YouGov research unveils the hidden impact of living with arthritis
12 October 2018
Today, to mark World Arthritis Day, we release the findings of a nation-wide questionnaire-based study, as we stand with charities across the globe to raise awareness for musculoskeletal conditions and health.
People of working age living with arthritis have significantly lower levels of life satisfaction than the UK national average, revealed a survey of 2,074 people with arthritis in Great Britain.
The research, carried out by YouGov, examined the life impacts of arthritis on people of working age in Great Britain, and explored the effects the condition can have on personal well-being, life satisfaction, and mental health.
One in five (21%) of those surveyed have had to give up work because of their arthritis, with half (49%) saying that their condition has affected their or their partner’s working life in one way or another. People currently in employment face a number of challenges at work as a result of their arthritis. Difficulty coping with the job affects around a quarter (24%), added stress (22%), and guilt for the need to take time off work (21%).
The average UK score for life satisfaction for people of working age is 7.61, while people with arthritis scored 6.41, dropping to 5.50 for younger people (aged 25 to 39), 2.10 points below the national average. The scores are based on the Office for National Statistics (ONS), which measures life satisfaction on an 11-point scale, where 0 is ‘not at all’ satisfied and 10 is ‘completely’ satisfied.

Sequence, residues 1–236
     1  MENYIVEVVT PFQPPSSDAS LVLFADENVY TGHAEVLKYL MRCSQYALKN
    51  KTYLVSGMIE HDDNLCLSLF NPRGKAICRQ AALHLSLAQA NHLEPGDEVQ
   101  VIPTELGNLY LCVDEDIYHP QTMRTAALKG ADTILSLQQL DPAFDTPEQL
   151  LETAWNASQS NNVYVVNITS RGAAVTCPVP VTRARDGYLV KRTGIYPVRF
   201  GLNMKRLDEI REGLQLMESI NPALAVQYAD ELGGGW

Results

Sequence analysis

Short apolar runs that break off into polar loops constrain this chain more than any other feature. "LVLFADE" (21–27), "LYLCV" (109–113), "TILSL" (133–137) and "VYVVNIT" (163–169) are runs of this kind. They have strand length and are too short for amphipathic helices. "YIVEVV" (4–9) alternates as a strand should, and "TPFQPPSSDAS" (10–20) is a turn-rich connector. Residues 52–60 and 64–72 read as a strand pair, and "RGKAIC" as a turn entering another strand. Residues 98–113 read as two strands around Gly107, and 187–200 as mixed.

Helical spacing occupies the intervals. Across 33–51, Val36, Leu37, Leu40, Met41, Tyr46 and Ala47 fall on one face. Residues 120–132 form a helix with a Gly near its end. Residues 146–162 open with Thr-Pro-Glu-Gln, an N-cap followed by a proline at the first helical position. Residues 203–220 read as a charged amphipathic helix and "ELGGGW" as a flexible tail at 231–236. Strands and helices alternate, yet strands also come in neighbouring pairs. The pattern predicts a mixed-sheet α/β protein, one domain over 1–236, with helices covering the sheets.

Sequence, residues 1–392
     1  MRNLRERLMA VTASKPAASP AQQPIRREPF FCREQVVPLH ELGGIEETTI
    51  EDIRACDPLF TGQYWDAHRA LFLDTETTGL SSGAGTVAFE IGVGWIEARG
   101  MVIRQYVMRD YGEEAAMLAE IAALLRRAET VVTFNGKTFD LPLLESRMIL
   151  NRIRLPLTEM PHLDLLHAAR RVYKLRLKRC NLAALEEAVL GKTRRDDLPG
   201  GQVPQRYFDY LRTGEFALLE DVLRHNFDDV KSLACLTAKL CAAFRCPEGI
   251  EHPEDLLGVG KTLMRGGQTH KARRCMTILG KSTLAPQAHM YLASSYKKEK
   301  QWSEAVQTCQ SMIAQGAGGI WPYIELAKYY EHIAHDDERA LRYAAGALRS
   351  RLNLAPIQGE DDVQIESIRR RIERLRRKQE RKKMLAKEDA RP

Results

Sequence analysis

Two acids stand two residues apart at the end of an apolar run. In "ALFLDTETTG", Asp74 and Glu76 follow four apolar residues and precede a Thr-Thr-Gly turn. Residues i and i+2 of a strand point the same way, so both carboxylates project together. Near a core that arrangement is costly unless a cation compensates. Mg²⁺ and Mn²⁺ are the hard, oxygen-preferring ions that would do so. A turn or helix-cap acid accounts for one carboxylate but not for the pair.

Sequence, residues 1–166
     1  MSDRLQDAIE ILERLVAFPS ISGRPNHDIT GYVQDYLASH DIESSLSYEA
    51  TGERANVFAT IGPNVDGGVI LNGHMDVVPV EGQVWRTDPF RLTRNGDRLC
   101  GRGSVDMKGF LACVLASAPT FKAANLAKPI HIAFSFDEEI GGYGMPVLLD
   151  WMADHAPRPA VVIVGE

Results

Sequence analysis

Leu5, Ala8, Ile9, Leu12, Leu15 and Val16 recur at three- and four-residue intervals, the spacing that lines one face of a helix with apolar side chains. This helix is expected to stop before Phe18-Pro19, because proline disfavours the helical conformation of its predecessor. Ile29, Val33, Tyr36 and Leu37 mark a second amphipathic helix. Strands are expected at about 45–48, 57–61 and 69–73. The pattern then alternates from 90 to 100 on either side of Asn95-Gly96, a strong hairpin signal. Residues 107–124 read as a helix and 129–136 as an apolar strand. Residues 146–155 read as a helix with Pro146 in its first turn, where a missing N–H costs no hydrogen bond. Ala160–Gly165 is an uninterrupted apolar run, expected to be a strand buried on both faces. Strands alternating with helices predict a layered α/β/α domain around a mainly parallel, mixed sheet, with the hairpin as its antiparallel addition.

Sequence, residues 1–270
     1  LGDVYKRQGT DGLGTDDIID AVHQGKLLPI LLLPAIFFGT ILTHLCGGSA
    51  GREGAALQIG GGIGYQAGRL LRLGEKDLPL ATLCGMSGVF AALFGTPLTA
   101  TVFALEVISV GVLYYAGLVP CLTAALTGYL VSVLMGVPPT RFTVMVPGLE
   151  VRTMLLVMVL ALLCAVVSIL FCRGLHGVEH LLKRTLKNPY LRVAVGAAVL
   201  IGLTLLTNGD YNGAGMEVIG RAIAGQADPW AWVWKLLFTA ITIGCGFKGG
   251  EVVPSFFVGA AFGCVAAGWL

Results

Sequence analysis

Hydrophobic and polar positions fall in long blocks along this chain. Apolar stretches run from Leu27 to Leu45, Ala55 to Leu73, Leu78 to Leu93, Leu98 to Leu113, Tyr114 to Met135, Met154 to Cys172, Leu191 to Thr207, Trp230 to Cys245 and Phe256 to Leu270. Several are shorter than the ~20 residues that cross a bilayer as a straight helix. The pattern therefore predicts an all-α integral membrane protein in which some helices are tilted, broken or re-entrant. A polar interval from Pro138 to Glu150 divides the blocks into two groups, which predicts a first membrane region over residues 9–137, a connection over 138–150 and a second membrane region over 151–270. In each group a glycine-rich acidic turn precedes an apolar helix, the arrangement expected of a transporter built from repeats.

Furthermore, the research also revealed that pain can cause people to be more depressed. Around half of those surveyed (49%) said that their pain often or always makes them feel down or depressed. Around half of those who reported poor mental health also indicated a high anxiety score (between 7 and 10), illustrating the link between mental health and anxiety.
Our findings highlight the true impact of arthritis on the millions of people living with it every day, affecting all aspects of their lives, from their mental health to their family life, work, social activities, and physical health. It is especially alarming to see that life satisfaction and outlook on life significantly drops for those living with the condition.
This is why charities are so imperative to the arthritis community. By providing self-management tools, community based resource groups, and access to local practitioners, Arthritis Action can help improve the quality of life for those living with the condition.
Shantel Irwin, Chief Executive of Arthritis Action, says:
“This report highlights the true impact of arthritis on the millions of people living with it every day, affecting all aspects of their lives, from their mental health to their family life, work, social activities, and physical health. It is especially alarming to see that life satisfaction and outlook on life significantly drops for younger people living with the condition.
“People with arthritis need to know that they are not alone, and their voices will be heard. On this important day, we urge policymakers and the healthcare community to come together and prioritise arthritis as a leading cause of pain and disability, affecting one in six people in the UK. The numbers are not dropping, but the issues and life impacts are only increasing. It is time for action, for present and future generations.”